The Balance Beam Situation

Because gymnastics is a comedy, not a drama

Why Didn’t Ashikawa Urara Make Japan’s Worlds Team?

This week’s big news in the Actual Sport of Gymnastics department: Defending world beam champion and Olympic beam finalist Ashikawa Urara has been left off Japan’s team slated to compete in Liverpool this October. Instead, the team will be made up of five newcomers to world competition in Miyata Shoko, Kasahara Arisa, Yamada Chiharu, Sakaguchi Ayaka, and Fukusawa Kokoro. 

This led the esteemed members of the Conclave of the Blue Bird to proffer the following query:

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So here’s the why: Japan uses a deeply specific system in which selection is taken out of the hands of selectors and is based exclusively on all-around ranking and scores at domestic competitions over a series of months.

First, the top 3 gymnasts in the all-around following three days of competition—two days of All-Japan Championships in April and one day of NHK Trophy in May—automatically earn their spots on the worlds team. Those gymnasts were Miyata Shoko, Kasahara Arisa, and Yamada Chiharu. 

The athletes who finished behind those three, in spots 4 through 10 in the rankings, were the only ones eligible for the 4th spot on the team, with selection based not on all-around ranking but on whoever added the most to a 3-count team score when joining Miyata, Kasahara, and Yamada. For this spot, selection waited until after last weekend’s All-Japan Event Championships so that these prospective specialists had another chance to improve their averages (only their best 2 scores on each apparatus from across the selection competitions counted).

Ultimately, that 4th spot on the team went to Sakaguchi Ayaka, whose vault, beam, and floor scores all improved the team score for a total gain of 1.6835 points, about three tenths more than what would have been contributed by the closest age-eligible contender.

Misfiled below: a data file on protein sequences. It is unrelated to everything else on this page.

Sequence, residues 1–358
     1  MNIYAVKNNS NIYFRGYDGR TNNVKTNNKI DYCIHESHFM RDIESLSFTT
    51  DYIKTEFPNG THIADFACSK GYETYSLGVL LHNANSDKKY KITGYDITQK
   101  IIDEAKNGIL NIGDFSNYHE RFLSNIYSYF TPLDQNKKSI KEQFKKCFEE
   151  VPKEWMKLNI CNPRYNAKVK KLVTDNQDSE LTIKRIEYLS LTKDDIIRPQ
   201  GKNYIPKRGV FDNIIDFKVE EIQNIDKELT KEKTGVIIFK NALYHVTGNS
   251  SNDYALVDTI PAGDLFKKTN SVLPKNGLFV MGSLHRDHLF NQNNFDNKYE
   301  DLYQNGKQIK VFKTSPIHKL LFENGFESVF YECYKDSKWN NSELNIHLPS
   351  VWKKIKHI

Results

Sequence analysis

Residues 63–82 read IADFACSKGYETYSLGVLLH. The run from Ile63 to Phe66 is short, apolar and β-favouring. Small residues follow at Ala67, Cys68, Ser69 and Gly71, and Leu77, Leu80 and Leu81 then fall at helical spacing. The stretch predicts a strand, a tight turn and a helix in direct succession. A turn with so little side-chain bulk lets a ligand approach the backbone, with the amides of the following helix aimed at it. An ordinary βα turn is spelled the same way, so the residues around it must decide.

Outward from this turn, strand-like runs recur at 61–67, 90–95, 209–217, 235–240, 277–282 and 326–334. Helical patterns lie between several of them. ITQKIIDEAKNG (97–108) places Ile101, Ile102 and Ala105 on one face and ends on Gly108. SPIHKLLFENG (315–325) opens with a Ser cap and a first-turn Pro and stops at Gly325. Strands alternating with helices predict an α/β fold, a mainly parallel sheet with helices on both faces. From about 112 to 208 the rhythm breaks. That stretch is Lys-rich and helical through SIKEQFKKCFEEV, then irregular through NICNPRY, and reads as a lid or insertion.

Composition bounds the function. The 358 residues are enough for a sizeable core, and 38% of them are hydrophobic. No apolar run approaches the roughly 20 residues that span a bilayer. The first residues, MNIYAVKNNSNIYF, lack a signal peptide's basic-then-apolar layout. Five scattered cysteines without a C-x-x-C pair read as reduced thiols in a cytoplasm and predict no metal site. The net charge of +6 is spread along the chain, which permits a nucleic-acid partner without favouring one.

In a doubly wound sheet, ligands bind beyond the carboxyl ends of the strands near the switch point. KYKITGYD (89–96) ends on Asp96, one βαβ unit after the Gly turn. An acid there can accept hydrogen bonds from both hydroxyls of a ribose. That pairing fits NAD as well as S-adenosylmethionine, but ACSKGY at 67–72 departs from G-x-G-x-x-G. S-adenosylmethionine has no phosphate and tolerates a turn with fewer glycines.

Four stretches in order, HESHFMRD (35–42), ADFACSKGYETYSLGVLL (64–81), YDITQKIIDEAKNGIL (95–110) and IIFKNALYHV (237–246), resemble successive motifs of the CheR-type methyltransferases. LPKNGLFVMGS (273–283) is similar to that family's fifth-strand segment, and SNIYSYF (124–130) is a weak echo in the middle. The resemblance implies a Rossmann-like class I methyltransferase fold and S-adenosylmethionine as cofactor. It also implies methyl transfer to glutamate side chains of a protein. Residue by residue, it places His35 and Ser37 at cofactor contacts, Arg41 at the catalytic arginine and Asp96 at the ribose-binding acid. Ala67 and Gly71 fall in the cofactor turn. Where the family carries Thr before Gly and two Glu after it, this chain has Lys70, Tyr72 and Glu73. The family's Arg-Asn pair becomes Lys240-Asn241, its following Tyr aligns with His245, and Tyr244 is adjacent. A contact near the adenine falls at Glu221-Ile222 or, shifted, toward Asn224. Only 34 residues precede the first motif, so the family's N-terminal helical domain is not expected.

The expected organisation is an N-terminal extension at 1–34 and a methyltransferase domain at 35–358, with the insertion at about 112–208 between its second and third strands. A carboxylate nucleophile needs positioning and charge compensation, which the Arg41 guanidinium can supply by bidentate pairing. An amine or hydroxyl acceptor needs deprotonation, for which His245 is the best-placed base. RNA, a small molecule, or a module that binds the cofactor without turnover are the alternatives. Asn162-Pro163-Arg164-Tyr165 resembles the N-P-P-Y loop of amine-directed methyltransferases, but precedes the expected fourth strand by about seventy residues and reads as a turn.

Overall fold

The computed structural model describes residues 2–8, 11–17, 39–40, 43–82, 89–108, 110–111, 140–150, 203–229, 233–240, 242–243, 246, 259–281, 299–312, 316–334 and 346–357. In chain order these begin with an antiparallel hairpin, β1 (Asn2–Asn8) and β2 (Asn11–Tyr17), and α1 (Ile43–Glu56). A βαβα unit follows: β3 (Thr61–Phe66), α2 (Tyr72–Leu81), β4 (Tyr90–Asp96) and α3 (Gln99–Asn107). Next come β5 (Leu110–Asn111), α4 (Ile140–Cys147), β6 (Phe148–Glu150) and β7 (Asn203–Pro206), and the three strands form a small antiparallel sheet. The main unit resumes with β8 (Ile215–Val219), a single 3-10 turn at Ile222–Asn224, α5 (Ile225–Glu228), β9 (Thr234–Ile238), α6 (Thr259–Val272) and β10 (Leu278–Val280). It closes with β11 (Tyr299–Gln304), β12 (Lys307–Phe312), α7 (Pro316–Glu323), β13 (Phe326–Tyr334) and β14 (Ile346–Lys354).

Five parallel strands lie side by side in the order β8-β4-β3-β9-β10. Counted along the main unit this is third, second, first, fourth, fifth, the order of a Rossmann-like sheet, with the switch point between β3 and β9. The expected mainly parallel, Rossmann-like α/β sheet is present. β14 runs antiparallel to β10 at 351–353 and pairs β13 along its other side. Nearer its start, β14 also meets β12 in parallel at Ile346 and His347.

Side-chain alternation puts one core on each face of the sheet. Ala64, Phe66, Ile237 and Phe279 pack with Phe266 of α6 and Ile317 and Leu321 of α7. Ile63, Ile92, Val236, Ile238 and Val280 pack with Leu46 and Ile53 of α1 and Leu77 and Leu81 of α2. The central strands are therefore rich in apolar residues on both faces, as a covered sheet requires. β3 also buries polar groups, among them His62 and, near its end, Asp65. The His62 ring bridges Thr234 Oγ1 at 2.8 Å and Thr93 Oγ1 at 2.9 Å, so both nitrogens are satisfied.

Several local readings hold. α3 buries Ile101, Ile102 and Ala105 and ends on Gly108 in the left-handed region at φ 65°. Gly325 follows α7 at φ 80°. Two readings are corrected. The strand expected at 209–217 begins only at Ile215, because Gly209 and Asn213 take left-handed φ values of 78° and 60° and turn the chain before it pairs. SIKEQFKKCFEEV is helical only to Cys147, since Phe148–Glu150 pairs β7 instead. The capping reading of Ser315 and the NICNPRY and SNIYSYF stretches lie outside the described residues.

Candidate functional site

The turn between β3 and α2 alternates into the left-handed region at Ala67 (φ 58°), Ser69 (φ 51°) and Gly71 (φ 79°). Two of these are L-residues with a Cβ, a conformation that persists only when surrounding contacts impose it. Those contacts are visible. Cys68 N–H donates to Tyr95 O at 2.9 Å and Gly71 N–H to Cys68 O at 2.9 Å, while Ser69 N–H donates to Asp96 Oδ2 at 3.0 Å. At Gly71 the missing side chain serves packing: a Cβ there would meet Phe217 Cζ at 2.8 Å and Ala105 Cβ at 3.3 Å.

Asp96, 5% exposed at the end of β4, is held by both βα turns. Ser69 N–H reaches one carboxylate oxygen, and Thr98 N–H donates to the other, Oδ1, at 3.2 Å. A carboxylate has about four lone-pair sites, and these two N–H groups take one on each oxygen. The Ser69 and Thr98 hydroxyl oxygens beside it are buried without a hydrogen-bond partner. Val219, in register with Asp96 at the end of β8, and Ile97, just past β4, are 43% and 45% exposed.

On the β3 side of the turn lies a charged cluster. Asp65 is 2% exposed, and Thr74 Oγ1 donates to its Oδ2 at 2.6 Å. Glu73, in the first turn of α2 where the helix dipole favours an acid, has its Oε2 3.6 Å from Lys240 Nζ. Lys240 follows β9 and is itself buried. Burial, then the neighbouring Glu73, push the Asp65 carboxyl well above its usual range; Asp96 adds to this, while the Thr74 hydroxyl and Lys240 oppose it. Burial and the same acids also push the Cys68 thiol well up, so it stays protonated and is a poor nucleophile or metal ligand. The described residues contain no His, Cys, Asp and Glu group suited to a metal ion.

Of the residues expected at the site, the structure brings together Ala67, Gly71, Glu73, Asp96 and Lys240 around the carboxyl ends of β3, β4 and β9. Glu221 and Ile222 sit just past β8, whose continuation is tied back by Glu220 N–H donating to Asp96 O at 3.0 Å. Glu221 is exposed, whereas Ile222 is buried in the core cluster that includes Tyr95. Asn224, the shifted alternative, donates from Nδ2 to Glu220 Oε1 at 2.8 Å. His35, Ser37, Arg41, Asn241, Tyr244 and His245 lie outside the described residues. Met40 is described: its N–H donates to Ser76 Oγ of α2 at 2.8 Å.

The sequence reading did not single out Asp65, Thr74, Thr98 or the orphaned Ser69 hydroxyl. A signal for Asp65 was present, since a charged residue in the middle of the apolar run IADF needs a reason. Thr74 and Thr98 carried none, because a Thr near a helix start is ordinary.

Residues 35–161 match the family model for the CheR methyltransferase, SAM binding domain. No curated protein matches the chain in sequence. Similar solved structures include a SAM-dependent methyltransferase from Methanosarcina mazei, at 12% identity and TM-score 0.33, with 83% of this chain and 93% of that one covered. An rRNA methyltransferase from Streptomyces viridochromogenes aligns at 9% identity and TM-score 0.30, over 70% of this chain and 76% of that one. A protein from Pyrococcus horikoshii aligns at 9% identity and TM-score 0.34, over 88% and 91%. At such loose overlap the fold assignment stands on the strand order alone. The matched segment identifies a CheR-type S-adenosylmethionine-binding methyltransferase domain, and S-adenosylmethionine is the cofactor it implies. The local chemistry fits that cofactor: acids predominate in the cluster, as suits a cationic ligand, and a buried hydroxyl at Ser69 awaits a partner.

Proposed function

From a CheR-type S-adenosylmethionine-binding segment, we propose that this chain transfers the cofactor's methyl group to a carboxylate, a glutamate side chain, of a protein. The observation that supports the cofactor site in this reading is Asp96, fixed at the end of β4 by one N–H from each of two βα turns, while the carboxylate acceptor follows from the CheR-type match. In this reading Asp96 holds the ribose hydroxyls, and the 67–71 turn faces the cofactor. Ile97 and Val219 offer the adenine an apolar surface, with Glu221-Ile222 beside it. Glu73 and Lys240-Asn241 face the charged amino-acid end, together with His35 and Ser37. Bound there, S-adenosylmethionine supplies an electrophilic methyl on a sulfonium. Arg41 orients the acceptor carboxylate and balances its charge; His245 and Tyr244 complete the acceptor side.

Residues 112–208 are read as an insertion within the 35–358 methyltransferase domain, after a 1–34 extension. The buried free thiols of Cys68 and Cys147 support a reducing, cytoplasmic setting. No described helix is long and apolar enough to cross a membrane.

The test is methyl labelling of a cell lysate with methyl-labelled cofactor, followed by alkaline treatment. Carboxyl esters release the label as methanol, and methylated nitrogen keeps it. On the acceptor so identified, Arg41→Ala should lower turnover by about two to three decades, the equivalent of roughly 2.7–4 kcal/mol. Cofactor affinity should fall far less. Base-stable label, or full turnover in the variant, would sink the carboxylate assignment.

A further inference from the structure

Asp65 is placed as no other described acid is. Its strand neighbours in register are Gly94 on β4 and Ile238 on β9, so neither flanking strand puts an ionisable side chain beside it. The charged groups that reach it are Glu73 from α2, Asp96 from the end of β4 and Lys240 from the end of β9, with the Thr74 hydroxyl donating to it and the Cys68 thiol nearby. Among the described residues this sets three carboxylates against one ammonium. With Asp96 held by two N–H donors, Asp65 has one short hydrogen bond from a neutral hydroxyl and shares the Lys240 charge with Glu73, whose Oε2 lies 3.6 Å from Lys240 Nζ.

Kasahara Arisa13.516513.71613.616512.8495
Miyata Shoko14.28313.049513.366513.283
Yamada Chiharu14.016513.76612.73313.0995
Sakaguchi Ayaka14.18312.649513.316513.283
42.482540.531540.299539.6655162.979

For the 5th and final spot on the team, the same two-score average system was used to see who added the most to the team score, but in this case there were no limits on all-around finish or meet participation.

Because Ashikawa Urara finished 14th in the all-around after the NHK Trophy—thanks largely to a bars miss but also a 12 on vault—she was not eligible for the 4th spot and had to rely on the 5th spot as her lone chance to get on the worlds team. But she was not the only one.

Ashikawa performed well on beam back at April’s All-Japan Championship with a 14.200 and 14.133 on beam—so she already had two strong scores to lean on—but she struggled more recently. She scored in the low 13s at NHK and continued that at the event championship, going 13.033 in qualification and 13.233 in the final. That meant she was not able to improve her contribution to the team score.

Kasahara Arisa13.516513.71613.616512.8495
Miyata Shoko14.28313.049513.366513.283
Yamada Chiharu14.016513.76612.73313.0995
Sakaguchi Ayaka14.18312.649513.316513.283
Ashikawa Urara12.699512.18314.166512.800
42.482540.531541.149539.6655163.829

Meanwhile, Fukusawa Kokoro, who had finished 7th all-around after the AA competitions, busted out on bars at the event championships, going 14.033 in qualification and 14.233 in the final, both improving on her previous season high of 14.000.

Because the four already selected team members were a little weaker on bars than on beam in their counting performances, Fukusawa’s new scores helped her contribute a few tenths more to the team total than Ashikawa, which earned her the spot.

Kasahara Arisa13.516513.71613.616512.8495